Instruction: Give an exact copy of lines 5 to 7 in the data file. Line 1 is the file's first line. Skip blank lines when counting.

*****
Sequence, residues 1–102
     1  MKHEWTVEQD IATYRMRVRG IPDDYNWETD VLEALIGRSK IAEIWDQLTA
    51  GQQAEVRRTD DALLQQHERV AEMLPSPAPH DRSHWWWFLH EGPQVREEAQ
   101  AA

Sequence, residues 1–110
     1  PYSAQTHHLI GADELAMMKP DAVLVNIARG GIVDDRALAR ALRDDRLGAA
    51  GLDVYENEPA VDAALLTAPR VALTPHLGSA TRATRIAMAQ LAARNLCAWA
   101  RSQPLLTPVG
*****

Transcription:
Sequence, residues 1–110
     1  PYSAQTHHLI GADELAMMKP DAVLVNIARG GIVDDRALAR ALRDDRLGAA
    51  GLDVYENEPA VDAALLTAPR VALTPHLGSA TRATRIAMAQ LAARNLCAWA